On Your Mark
Cloudy, With a Chance Of Mayhem
Gods Who Fall
The Suicide Hour
People in the Rain
From The Ashes
Ice Cream, You Scream, We All Scream
Jibber-Jibber Chicken Dinner
More often than not, when it comes to Stephen King adaptations they’re usually really good or really bad. Thankfully, Mr Mercedes is a well crafted, enjoyable thriller from start to finish, even if it is a little slow paced during the halfway point of the series. With a dual focus on the two excellent lead characters, culprit Brady (Harry Treadaway) and ex Detective Bull Hodges (Brendan Gleeson) indulge in a fascinating game of cat and mouse that comes to its head in a satisfying conclusive end.
The story opens with a group of people huddled together in the dead of night awaiting a job fair opening. Several minutes later, the bright headlights of a stolen Mercedes pierce the darkness. With most of the people half asleep and groggy, the car charges through the crowd, killing 16 and injuring dozens more. Among the deceased are the elderly and a mother and her beast-feeding baby. The shocking, gut wrenching opening helps to give Mr Mercedes an unremorseful, no-holds-barred feel.
This is one series that doesn’t shy away the subject matter, embracing King’s material with delicious glee. After this short prologue, the story officially picks up 2 years later. Detective Bill Hodges, the lead investigator in the Mercedes case, is now retired from police work with the unresolved case haunting him. A strange message on Bill’s computer reignites the chase for the culprit though and what follows is a cat and mouse game as both Bill and Brady attempt to outsmart and out manoeuvre one another. The balance of power constantly shifts throughout the show making it a particularly enthralling thriller.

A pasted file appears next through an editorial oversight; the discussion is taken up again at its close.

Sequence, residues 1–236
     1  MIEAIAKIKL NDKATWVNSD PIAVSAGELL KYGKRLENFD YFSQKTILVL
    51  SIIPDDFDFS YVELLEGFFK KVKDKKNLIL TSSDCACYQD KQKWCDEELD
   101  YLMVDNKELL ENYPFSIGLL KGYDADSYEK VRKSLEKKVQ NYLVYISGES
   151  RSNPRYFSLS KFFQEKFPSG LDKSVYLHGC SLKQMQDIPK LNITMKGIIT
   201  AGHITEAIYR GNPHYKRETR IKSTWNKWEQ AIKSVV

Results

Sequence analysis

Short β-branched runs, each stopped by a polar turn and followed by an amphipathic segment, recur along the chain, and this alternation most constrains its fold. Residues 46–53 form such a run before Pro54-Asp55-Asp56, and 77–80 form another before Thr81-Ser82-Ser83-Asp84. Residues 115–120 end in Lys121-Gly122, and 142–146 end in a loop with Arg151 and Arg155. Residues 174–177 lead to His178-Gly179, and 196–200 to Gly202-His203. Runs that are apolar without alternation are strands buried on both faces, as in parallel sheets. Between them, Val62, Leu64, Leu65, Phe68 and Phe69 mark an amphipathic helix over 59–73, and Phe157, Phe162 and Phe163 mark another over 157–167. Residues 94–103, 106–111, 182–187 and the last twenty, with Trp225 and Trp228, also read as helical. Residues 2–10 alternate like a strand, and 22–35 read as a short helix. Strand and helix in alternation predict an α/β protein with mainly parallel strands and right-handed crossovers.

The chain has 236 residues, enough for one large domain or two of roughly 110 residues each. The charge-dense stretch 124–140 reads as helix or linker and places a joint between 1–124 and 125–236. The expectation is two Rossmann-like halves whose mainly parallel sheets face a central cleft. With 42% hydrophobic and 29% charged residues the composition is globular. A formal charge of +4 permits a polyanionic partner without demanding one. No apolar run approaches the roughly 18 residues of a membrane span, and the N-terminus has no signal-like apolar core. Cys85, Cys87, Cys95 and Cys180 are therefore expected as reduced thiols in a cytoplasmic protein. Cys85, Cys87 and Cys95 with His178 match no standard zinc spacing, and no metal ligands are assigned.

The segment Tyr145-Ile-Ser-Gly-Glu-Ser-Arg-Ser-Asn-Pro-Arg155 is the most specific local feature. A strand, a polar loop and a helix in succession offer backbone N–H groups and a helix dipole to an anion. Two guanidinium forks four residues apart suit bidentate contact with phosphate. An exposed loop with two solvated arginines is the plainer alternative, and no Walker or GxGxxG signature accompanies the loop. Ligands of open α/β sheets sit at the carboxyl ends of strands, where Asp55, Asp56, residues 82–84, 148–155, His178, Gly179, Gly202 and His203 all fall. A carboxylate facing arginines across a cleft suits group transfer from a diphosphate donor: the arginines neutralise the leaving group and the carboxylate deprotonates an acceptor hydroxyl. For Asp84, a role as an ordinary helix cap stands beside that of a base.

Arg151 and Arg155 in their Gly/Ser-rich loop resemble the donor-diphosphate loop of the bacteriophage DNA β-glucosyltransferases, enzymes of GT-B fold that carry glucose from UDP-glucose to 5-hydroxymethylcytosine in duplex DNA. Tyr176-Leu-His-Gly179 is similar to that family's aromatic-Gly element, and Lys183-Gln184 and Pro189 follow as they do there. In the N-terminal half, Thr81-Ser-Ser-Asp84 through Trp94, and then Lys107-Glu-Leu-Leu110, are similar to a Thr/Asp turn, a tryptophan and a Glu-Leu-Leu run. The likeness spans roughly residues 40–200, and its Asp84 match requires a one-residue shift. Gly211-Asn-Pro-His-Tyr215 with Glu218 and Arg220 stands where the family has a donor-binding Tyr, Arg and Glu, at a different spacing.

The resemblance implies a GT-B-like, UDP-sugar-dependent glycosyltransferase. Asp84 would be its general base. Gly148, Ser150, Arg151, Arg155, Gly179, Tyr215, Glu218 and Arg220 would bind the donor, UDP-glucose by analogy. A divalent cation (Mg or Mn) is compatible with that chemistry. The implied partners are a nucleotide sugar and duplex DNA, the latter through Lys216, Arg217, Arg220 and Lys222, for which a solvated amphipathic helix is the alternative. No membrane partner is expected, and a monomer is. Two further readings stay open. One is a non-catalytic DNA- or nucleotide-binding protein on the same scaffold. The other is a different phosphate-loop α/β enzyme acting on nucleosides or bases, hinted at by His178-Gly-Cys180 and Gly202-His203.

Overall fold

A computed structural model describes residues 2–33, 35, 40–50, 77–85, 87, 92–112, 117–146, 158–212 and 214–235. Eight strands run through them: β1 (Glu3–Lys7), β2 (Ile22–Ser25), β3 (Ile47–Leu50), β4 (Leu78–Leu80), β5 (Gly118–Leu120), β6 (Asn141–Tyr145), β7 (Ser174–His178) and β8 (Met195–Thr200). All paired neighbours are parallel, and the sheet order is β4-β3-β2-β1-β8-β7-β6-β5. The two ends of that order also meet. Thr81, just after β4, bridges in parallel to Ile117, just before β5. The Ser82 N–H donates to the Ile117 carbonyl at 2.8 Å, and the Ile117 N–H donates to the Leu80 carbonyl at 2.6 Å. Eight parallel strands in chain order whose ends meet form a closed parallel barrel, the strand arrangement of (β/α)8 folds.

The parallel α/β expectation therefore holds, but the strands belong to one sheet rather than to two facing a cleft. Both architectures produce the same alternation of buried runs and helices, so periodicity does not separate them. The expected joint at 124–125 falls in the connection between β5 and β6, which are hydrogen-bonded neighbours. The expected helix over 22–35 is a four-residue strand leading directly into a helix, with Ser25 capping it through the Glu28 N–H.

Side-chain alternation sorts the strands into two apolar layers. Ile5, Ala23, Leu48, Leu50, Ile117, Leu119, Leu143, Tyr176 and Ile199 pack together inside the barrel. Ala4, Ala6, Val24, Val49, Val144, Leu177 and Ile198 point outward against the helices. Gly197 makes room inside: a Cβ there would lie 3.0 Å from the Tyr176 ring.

Unlike other mysteries and thrillers that focus on a “who done it?” to drive the narrative forward, Mr Mercedes takes an alternate approach. We know who’s done it but the question circling the show is why Brady’s targeted the ex Detective and more importantly, whether he will be caught. As the series progresses, we learn more about both characters as they’re given an equal amount of screen time to look into their present and past lives. Brady has a particularly rough past and his unhinged, detached outlook on life is explanation for some of his actions. An incestuous relationship with his mother and suffering physical and mental abuse as a child, Brady’s cold persona is explored in agonising detail, making Mr Mercedes all the stronger for it. The age old technique of show, don’t tell is used perfectly here too and whilst there is still exposition, its not as heavy handed as other shows, instead using flashbacks and brilliant acting to drive the story forward.
Technically, Mr Mercedes is really well done. Despite a dip in action and a slowed pace stretch during the middle episodes, this 10 episode thriller boasts good camera work throughout that accentuates the brilliant acting. The soundtrack is good too, with numerous scenes graced by melodic rock tracks full of heavy guitar riffs. This upbeat musical score juxtaposes nicely with the hard hitting, dark tone. The subject matter is oftentimes adult and gut wrenching, meaning some people will find the subject matter too offensive to continue.
Overall, Mr Mercedes is one Stephen King adaptation that’s done right. It stays pretty faithful to the subject material, with well paced, interesting episodes that work to drive the narrative forward whilst exploring more about the character’s past. Some of the episodes are more action packed than others, with the middle portion of the series particularly slow paced before the pacing picks up for the explosive finale that brings the story to a close. The acting is brilliant throughout and accompanied by a script that works on driving the narrative forward, Mr Mercedes is one thriller that’s well worth a watch.